Where there is sand, there is a way!
Where there is sand, there is a way!

Where there is sand, there is a way!

Vivek Maheshwari and Bhavesh Pravin Shah of CLSA
reviews the problems of sand mining in India and provides a way forward for natural sand.
Sand is a non-negotiable resource for the construction sector and, interestingly, is classified as the fourth most important 'minor' mineral by the mines ministry. Sand availability was a problem at different points of time in the past few years but 2017 was perhaps the worst year with a series of sand mining restrictions across several states due to non-compliance with environment norms. This had an obvious impact on the construction industry in several states and this in turn impacted cement demand too. Sand availability, however, has been improving with states revising their mining rules. M-sand too has been gaining acceptance albeit at a slower pace. Based on our industry interactions, it appears that sand-related problems should be resolved during the course of 2018 although recent media reports still point to some uncertainties.
Sand-related problems are not new...
  • Sand mining has a negative impact on the environment as it causes degradation of rivers and lowers the stream bottom, leading to bank erosion and thereby floods.
  • Enlargement of river mouths, loss of water and destruction of the aquatic habitat also get triggered by excessive sand mining.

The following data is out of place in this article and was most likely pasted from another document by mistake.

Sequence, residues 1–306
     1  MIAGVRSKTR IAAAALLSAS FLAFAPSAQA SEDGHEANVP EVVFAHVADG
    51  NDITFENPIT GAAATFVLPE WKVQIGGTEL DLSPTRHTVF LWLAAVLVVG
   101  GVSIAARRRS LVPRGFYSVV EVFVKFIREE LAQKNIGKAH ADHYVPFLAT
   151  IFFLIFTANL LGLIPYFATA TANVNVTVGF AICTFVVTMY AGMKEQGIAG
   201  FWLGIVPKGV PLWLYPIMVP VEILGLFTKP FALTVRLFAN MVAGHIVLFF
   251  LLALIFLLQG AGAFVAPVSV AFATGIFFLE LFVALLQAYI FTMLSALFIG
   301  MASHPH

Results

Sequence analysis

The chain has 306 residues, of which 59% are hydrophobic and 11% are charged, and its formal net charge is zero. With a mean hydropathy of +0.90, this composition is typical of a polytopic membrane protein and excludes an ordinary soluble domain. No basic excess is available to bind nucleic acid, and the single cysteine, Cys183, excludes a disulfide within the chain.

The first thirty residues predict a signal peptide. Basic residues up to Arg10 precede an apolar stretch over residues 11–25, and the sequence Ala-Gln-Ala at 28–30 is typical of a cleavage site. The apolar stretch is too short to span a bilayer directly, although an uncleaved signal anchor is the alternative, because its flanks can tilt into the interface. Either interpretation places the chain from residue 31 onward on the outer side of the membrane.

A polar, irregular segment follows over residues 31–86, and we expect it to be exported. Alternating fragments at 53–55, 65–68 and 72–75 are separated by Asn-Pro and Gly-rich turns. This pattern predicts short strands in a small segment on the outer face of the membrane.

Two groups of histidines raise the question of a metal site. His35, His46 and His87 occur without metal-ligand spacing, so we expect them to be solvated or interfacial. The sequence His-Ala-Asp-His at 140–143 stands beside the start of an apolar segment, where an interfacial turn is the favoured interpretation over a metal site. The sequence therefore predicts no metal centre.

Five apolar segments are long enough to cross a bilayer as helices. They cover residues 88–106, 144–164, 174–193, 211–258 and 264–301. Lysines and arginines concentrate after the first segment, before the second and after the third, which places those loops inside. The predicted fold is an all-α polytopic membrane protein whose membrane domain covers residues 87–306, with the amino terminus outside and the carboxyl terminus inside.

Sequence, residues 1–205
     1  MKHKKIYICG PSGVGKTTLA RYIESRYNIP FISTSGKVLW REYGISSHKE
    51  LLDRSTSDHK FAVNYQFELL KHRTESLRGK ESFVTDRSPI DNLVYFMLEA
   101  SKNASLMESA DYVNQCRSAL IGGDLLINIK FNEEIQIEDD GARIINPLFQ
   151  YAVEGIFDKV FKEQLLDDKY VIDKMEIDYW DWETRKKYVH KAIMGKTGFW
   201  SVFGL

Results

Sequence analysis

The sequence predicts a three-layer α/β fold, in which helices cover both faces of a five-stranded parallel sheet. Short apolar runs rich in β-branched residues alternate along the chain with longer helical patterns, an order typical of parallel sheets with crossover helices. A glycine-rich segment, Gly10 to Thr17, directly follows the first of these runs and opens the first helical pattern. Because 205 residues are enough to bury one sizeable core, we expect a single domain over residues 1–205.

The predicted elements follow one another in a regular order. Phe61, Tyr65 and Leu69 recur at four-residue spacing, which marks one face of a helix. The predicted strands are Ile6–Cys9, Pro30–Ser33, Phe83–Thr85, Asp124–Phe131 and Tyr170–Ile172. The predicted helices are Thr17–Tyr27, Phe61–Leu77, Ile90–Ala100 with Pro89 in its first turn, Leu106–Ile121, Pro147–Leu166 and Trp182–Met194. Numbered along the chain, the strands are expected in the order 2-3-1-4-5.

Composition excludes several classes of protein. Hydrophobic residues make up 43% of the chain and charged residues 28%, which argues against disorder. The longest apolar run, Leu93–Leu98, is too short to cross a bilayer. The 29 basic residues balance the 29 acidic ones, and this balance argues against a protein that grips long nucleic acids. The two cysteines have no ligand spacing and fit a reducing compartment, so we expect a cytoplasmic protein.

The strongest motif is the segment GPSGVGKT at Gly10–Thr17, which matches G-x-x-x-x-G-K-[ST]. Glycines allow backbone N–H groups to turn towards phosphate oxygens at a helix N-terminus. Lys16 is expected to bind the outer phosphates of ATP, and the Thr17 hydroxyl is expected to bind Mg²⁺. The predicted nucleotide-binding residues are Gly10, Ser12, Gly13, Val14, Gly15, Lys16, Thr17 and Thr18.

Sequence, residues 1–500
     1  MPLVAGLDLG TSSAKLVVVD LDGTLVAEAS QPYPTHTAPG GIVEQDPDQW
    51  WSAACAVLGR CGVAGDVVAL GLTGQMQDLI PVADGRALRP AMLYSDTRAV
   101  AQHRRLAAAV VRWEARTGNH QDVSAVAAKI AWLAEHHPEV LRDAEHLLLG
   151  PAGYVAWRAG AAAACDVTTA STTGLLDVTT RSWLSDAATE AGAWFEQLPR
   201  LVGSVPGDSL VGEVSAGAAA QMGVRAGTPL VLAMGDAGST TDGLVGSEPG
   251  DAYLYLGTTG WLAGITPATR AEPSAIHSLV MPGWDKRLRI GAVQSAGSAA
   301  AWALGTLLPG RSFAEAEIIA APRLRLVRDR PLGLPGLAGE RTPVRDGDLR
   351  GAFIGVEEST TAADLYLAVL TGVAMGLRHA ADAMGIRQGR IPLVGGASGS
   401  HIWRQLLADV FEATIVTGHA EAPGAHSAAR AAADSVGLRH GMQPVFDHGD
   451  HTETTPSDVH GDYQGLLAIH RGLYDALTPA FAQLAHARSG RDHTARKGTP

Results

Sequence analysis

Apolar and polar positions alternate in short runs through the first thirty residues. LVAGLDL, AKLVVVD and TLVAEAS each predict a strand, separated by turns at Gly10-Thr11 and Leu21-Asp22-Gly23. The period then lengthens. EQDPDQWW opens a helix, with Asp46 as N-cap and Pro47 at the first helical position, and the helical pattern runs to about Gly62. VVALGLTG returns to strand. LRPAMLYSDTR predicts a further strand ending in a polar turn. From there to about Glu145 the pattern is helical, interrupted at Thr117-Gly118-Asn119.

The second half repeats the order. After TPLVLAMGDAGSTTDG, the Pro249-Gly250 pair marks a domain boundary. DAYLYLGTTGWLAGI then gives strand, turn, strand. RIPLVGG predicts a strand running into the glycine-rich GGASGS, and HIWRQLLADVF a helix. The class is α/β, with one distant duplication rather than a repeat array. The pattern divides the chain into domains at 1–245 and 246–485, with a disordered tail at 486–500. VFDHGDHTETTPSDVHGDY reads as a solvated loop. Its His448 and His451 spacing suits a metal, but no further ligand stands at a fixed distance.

• There has been a widespread problem of sand mining in India, flouting environmental rules and damaging the environment.
  • The Supreme Court, in 2012, notified that sand mining operations should be licensed and monitored; in effect, this made ongoing sand mining operations illegal.
... but 2017 perhaps was the worst
Following the Supreme Court directive, states had put restrictions on sand mining in the past five years but the problem had brief impact over a relatively short timeframe. In 2017, though, following National Green Tribunal (NGT) concerns about illegal mining, several states formalised sand mining and even banned it in the interim. As a result, sand availability became a severe issue in several states and, even now, it is a problem in several of the states, although the worst phase seems to be over.
The way forward for natural sand...